Lymph node transfer is a viable treatment for severe lymphedema

breast anatomy

“Cancer was a piece of cake,” Virginia Harrod says. “It was the lymphedema that almost killed me.”

NPR reports that nine months after Harrod’s mastectomy, her cat scratched her hand. She wasn’t concerned at first, but her doctor “recognized her symptoms as a serious and advancing infection.”

Harrod was in the hospital for eight days, and that’s when she first learned she had lymphedema. Over the next 10 months, she was readmitted twice more with dangerous infections.

Lymphedema (secondary/acquired) is a common complication of breast cancer treatment, but it gets short shrift from doctors when patients are assessing treatment risks. My experience confirms this research finding.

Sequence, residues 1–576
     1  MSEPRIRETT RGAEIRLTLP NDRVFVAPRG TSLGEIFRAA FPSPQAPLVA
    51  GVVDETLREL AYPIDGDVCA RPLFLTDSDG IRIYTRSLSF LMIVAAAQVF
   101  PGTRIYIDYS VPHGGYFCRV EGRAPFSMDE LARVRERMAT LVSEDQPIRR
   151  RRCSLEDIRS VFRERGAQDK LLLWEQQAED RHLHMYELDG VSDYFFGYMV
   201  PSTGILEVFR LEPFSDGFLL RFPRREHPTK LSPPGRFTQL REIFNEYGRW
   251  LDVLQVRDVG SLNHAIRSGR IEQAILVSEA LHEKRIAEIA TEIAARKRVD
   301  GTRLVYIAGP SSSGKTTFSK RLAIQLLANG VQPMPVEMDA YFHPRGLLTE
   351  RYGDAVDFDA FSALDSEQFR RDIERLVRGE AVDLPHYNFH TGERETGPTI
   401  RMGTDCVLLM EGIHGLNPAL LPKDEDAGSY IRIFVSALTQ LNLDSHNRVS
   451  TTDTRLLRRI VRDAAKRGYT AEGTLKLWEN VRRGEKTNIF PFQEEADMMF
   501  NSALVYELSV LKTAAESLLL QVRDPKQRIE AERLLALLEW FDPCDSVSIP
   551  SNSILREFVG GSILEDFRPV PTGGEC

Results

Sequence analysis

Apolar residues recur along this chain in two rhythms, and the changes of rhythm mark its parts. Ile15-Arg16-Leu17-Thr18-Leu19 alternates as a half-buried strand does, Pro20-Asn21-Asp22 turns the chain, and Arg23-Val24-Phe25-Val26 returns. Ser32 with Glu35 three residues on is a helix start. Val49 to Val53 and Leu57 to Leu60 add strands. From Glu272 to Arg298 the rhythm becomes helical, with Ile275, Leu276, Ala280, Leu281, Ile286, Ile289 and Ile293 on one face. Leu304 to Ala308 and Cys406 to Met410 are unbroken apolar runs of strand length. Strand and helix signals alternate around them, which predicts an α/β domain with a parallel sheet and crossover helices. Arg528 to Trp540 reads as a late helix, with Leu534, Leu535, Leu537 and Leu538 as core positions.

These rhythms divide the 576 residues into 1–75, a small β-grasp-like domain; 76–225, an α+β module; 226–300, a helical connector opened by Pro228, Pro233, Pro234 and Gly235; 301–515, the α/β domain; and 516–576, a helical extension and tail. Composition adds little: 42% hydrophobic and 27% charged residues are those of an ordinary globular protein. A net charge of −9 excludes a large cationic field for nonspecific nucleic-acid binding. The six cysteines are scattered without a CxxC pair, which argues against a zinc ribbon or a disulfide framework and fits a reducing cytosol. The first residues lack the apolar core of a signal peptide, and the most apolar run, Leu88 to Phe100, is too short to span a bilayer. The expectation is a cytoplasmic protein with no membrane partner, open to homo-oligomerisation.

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What is lymphedema?

lymphedema and breast cancer

The lymphatic system transports lymph (limf), a protein-rich clear fluid containing white blood cells, throughout the body. A key part of the body’s immune system, lymph fluid moves through lymph vessels and hundreds of lymph nodes.

Lymphedema — swelling or edema — happens when the lymphatic system isn’t working properly. It is sometimes a side effect of breast cancer treatment and is considered secondary lymphedema.

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